In order to boost trade the Spanish in 1788 opened up the Mississippi Basin to trade giving special privileges to such men as General James Wilkinson.  In 1795 the Pinckney Treaty concluded with Spain gave Americans free navigation on the Mississippi and a deposit, in New Orleans to land and store goods.  The latter was revoked in 1803 for a few months, which caused some inconvenience and a reduction in the export of hemp.  However, due to the Louisiana Purchase, in 1803,  the export market was reinvigorated, and Kentucky was able to send hemp and produce to the southern markets at will.  The wars in Europe in the early part of the nineteenth century helped the cultivation and manufacture of Kentucky hemp.  During the wars, importation of European hemp products and hemp fibre was curtailed which meant Kentucky took up the slack with exports to the East and the South.  After 1815 European imports resumed with the eastern states resuming their trade with European countries.  In 1839 Kentucky,s hemp crop was badly damaged by drought, but it was able to satisfy its own needs by imports from other states such as Illinois, Missouri, and Minnesota.  
North Americans tried to raise the best crops they could, and this meant constant revision and a willingness to try new methods.  However, Russian, Italian, and Dutch hemp continued to be the most desirable, largely due to the centuries of experience that these nations possessed.  In Europe and Russia there was much literature available and superior seed stocks, It was apparent to some producers and distributors of hemp that the Kentucky seed was in need of improvement, and importation of quality seed was encouraged.  Bologna Hemp, grown from imported Italian seed was being cultivated with excellent results.  Its white colour, strength and fineness were much admired and appreciated.  A Dr. Spurr even suggested that the navy should obtain seed from Russia or Italy and supply Kentucky farmers so that they produce better hemp. 
 In 1851 L. Maltby of Mason County, having learnt of So-ma, hemp variety, while travelling in France, brought back some of these seeds, some of which were planted successfully in Louisiana.  Other varieties included Russian hemp but these were not always successful since some of the seeds were more adapted to Northern European latitudes than the southern States such as Kentucky.  That is not to say that there were not successful plantings.  A French colleague of William L. Vance, a hemp farmer, gave him some Chinese seed similar to So-ma with excellent results.  This variety was from then on to be known as the "Vance Seed.
Other factors figured into the equation, such as sorting.  Francis Campbell in 1845 laments the fact that while Canadian hemp was of good quality, it was never sorted properly, and could not be relied upon.  But the biggest factor was in processing, as U.S. farmers favoured dew retting; however, the more desirable fibres were obtained from the water retting method.  Consequently few Kentucky farmers ever achieved top prices for their hemp.
In 1842 the Frankfort Commonwealth newspaper urged farmers to water-ret most of their crop because of the higher prices they could achieve.  The crop that year was expected to be the largest ever recorded.  Some farmers did follow this advice.  However, despite a growing interest they were still a minority.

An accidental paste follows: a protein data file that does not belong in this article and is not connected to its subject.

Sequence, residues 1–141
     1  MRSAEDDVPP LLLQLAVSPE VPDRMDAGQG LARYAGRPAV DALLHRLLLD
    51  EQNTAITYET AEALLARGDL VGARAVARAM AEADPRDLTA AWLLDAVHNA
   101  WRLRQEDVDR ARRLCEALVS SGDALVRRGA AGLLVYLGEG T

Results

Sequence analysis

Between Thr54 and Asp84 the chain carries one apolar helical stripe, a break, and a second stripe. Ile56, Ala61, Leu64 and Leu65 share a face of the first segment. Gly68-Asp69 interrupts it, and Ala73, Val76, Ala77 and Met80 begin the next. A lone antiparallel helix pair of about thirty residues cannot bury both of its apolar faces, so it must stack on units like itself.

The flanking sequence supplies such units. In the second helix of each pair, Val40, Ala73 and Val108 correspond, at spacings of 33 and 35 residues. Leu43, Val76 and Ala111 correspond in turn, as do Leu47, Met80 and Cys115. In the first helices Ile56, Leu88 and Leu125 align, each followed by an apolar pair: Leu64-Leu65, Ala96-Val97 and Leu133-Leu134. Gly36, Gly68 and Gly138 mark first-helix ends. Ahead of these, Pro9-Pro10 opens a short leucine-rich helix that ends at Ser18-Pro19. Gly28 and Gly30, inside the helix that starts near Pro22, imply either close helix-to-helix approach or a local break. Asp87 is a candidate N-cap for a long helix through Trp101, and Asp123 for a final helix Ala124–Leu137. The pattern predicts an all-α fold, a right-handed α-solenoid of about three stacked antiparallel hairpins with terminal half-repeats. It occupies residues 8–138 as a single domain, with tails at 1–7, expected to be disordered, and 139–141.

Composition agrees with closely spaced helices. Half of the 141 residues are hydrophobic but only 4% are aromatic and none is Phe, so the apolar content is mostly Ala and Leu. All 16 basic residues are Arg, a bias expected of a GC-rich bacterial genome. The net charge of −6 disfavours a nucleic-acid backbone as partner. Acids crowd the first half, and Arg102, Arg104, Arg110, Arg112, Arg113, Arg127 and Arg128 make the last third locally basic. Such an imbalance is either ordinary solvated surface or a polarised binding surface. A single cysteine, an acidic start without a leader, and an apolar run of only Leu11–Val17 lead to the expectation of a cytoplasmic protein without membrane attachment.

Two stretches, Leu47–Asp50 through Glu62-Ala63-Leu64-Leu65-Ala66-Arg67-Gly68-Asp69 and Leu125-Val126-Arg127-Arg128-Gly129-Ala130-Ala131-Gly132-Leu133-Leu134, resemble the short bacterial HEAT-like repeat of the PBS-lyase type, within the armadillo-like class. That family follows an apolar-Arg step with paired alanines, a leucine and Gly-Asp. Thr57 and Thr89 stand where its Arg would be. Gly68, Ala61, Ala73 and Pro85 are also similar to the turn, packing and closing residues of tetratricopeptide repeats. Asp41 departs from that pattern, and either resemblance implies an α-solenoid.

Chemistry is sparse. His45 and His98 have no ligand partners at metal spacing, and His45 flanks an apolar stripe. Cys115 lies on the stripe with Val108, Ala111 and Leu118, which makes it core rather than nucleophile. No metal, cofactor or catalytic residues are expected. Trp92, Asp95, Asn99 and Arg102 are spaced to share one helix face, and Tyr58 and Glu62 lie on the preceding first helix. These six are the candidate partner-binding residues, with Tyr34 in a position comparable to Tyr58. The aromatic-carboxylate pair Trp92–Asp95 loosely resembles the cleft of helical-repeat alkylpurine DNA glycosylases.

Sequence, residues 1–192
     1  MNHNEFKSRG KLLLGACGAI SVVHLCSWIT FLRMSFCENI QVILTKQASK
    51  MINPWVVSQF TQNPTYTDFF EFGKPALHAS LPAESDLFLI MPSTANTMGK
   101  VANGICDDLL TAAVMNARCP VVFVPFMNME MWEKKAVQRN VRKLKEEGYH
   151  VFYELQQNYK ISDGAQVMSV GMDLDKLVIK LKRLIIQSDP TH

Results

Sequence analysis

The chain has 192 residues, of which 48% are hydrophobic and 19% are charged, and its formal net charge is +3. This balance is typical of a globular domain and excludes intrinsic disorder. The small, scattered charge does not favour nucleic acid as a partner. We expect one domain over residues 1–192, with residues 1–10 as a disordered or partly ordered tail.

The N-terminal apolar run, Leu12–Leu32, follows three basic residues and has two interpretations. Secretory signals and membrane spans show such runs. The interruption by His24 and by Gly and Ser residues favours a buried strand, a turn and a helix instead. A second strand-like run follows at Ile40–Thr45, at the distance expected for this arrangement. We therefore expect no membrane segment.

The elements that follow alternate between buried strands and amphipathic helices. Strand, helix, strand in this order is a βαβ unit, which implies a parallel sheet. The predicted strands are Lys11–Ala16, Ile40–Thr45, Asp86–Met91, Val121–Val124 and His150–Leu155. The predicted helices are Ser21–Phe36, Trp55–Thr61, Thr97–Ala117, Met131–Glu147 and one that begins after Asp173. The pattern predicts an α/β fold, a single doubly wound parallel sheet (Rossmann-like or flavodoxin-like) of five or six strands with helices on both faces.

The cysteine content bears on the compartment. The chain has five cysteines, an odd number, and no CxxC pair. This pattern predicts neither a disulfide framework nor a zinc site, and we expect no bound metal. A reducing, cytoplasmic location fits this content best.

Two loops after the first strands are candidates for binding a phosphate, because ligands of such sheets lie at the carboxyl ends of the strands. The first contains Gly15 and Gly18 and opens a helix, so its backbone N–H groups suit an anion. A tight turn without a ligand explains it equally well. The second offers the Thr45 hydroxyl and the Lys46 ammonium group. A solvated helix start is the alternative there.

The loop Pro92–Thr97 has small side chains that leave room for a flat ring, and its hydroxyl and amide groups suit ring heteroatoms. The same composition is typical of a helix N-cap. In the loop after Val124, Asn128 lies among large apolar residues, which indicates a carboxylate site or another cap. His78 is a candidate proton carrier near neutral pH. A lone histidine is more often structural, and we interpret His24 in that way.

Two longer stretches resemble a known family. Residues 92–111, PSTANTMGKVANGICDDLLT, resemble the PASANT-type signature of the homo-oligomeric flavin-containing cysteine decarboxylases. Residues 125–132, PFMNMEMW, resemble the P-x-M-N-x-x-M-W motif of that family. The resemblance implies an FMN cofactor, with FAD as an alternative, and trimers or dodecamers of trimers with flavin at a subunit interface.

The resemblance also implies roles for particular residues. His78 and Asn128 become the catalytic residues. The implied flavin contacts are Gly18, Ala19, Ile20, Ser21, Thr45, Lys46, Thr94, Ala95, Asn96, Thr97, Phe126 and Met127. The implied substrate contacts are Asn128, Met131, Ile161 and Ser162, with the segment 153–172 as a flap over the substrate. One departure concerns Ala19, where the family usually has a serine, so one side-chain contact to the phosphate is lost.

Only when the price of dew retted hemp fell to that of half water-retted hemp did farmers change their age-old practices.  Water retting was a time consuming business, which the farmer was not prepared to do unless there was extra financial benefit.  Until the Civil War the Kentucky farmer continued to depend for the most part on the manufacture of bail rope and bagging to consign his hemp fibre. The quality of dew retted cordage was not of an acceptable quality for the American Navy or merchant fleet.  The United States navy saw the strategic importance to have a home grown supply of cordage and canvas and therefore tried to encourage the growth of superior hemp equal to that of Russia,s.  Previous attempts were made in 1810, an account of which is as follows:  "In the years 1809 and ,10, Russia hemp being scarce and very high, we urged on Messrs. Caruthers, of Lexington, Virginia, (large dealers in the article, and living in the neighborhood of the best hemp country) the advantage and necessity of improving it, and contracted to give them $290 per ton, for 70 to 80 tons, to be clear and well prepared.  
Mr. W. Caruthers paid particular and personal attention to it and it proved, (with some exception) of excellent quality.  This was all grown in Rockbridge, Botetourt, and Montgomery counties, on the James, the Jackson, and Cowpasture rivers, and this has hitherto been the part of the State where it was grown to any extent, the three counties then producing 50 to 100 tons each annually. Knowing that the practice of preparing it was by dew, or air-rotting, which is very tedious, it lying out for months, exposed to all the vicissitudes of weather, and is often thereby injured in strength, always in color, in the year 1810, Mr. Theo. Armistead, who was Navy Agent here, and also had a rope walk, and who was very zealous in the improvement of country hemp, with our establishment, held out strong inducements to have the hemp water-rotted, in place of the usual mode, but so difficult is it to change old habits, that only in one instance did we succeed.  Colonel Wilson C. Nicholas, of Albemarle county, and formerly Governor of Virginia, water-rotted his crop; and, to encourage and extend its mode, we gave for the part of it we got, (a few tons) $360 per ton; the quality was excellent, color much improved, and we believe, the fibre also, in strength and fineness, though it was not so well cleaned or prepared as it might have been.  The experiment seems satisfactory that it was capable of improvement by proper management.